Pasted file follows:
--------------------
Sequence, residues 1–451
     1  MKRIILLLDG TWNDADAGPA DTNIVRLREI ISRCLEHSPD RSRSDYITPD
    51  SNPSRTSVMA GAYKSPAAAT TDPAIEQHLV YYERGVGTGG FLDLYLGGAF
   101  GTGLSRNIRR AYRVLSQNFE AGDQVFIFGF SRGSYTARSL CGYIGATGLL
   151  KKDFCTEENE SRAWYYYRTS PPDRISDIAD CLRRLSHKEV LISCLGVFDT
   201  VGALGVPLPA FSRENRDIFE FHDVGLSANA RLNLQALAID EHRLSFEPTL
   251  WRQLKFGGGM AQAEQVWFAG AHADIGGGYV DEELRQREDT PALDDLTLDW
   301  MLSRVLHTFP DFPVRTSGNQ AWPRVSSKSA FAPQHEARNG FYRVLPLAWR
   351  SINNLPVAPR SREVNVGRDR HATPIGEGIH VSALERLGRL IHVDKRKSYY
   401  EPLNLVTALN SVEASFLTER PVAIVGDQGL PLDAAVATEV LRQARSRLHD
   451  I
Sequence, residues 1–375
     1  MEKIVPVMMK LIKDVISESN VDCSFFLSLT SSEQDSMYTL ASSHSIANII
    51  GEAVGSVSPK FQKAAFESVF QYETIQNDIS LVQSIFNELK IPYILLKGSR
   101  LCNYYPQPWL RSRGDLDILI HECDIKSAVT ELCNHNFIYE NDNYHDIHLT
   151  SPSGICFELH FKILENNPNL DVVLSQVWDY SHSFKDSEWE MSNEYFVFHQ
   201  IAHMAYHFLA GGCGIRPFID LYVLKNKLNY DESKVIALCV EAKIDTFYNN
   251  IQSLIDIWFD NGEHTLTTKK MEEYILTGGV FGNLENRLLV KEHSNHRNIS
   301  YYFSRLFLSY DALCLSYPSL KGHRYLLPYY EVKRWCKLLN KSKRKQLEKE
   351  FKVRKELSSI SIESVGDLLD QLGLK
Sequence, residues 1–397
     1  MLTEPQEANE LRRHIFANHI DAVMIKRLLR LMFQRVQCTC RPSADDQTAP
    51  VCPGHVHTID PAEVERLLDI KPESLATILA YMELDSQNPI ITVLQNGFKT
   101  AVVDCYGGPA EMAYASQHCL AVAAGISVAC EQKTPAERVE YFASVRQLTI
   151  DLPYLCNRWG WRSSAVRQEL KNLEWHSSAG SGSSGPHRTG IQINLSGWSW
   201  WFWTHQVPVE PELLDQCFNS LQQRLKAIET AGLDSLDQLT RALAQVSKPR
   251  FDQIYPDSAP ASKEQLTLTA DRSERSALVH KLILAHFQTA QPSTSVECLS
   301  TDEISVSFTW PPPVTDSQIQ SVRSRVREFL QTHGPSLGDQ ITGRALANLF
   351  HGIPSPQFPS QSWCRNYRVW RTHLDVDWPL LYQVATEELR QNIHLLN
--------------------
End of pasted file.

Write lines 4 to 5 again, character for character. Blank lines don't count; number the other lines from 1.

   101  GTGLSRNIRR AYRVLSQNFE AGDQVFIFGF SRGSYTARSL CGYIGATGLL
   151  KKDFCTEENE SRAWYYYRTS PPDRISDIAD CLRRLSHKEV LISCLGVFDT